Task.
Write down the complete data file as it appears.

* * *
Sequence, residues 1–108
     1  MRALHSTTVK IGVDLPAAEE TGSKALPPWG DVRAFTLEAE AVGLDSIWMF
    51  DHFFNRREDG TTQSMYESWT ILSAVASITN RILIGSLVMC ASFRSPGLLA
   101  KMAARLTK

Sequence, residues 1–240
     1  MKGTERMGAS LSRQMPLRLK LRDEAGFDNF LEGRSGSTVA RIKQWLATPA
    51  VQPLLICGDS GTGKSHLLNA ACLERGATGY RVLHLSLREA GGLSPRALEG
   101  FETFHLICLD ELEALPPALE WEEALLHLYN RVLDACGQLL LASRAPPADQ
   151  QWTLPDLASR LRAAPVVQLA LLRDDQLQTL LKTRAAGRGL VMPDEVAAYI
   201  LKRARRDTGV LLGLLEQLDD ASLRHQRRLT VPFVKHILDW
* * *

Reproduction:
Sequence, residues 1–108
     1  MRALHSTTVK IGVDLPAAEE TGSKALPPWG DVRAFTLEAE AVGLDSIWMF
    51  DHFFNRREDG TTQSMYESWT ILSAVASITN RILIGSLVMC ASFRSPGLLA
   101  KMAARLTK

Sequence, residues 1–240
     1  MKGTERMGAS LSRQMPLRLK LRDEAGFDNF LEGRSGSTVA RIKQWLATPA
    51  VQPLLICGDS GTGKSHLLNA ACLERGATGY RVLHLSLREA GGLSPRALEG
   101  FETFHLICLD ELEALPPALE WEEALLHLYN RVLDACGQLL LASRAPPADQ
   151  QWTLPDLASR LRAAPVVQLA LLRDDQLQTL LKTRAAGRGL VMPDEVAAYI
   201  LKRARRDTGV LLGLLEQLDD ASLRHQRRLT VPFVKHILDW